Luke & Jasmin – Judge’s Score: 28/30
Copy cats or simply trend followers? Luke and Jasmin once again came under fire this week with fellow contestants Daniel and Jade left wondering the very same thing as the duo’s curved island bench seemed all too similar to their custom designed piece. Luke and Jasmin do seem to be relying heavily on their inspirational images and research when creating their designs each week which does bring the team’s originality into question however, this could also mean that they are simply trying to follow trends in order to create a home that is more attractive to buyers. It certainly is an interesting topic that has brought issues such as copyright in the design industry at the forefront of discussions.
Stepping away from these issues and instead focusing on the design itself, the team did create a very luscious and inviting look this week, using oak, white and brass to create a warm kitchen colour scheme. The curved timber kitchen island perfectly reflects the curved timber feature wall to create a well balanced and cohesive look that is contrasted by crisp white design features. The overall layout of the space was also well thought out, with careful attention to properly lighting the space too. Our judges did raise concerns over the baskets included in the Butler’s Pantry design however, as these are not fixed items, they can easily be swapped out by the new owners if need be.
Jimmy & Tam – Judge’s Score: 29/30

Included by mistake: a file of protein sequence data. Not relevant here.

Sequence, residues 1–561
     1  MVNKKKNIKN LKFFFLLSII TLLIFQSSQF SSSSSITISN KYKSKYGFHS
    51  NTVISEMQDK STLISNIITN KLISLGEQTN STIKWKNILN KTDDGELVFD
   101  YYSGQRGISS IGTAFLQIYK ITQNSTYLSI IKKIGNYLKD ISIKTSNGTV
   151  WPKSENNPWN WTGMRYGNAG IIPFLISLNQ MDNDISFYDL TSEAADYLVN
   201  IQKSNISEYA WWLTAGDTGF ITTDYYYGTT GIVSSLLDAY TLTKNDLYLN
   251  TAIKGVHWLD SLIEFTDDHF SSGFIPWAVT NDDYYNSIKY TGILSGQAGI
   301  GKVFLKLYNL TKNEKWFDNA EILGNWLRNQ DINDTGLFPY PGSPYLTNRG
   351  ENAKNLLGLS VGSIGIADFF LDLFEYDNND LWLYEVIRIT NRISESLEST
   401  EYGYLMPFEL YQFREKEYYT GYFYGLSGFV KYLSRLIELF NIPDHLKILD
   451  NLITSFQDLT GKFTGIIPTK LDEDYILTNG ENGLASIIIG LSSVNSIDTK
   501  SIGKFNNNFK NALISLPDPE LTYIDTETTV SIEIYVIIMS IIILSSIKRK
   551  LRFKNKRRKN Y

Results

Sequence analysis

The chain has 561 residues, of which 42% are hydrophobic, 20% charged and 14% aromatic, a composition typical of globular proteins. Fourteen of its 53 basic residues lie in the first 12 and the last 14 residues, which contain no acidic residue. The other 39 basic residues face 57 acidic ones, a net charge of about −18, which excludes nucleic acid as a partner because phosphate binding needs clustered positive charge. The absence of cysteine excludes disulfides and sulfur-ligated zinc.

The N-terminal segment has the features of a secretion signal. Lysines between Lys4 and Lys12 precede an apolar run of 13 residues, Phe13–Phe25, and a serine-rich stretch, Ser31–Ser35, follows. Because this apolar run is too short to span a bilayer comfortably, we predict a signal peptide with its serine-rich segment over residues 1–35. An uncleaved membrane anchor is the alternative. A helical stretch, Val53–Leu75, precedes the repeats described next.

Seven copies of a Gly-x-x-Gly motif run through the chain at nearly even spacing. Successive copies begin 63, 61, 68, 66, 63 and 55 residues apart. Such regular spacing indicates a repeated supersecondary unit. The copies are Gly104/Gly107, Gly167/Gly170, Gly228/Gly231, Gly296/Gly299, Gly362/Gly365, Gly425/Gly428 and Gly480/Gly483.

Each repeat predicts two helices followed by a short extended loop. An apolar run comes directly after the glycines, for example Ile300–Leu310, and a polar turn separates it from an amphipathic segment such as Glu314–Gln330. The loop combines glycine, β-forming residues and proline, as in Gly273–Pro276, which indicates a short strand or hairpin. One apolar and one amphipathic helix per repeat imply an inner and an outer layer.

Jimmy and Tam used their week one prize of a $120,000 Gaggenau luxury kitchen appliance package in their design this week and did it pay off or what! World renowned appliance manufacturer, Gaggenau’s appliances are well known for their immense attention to detail and customisation in delivering a superb cooking experience – Definitely a very grand selling point for Jimmy and Tam’s 1950’s era home! Tam also included $5000 worth of wine in the kitchen’s wine fridge, an asset that will steadily increase in value each year, making for yet another unique selling point for the property. The kitchen design itself included a soft mint toned island that was contrasted with bold black structured lines and further complemented by softer tones to create a harmonious palette. In carrying with the team’s previous inclusion of terrazzo tiles in their bathroom designs, a set of terrazzo pendant lights from Bentu Design adorn the island bench, making for an excellent 50’s inspired touch that keeps the home’s theme consistent. The judges did comment on the overly large size of the stools used however, this feature is once again easily sorted as these are not a fixed element in the design itself. The Butler’s Pantry was rather tight in my opinion and I wonder why this was not raised as a topic of discussion; would you be able to comfortably open and use those appliances? Where am I going to place a hot tray that I’ve just pulled out of the oven, there’s no counter space on either side… Is the pull-out pantry comfortable to use in those dimensions? Mostly a well thought out and planned design however, it does seem that the Butler’s Pantry would have greatly benefited from some more attention!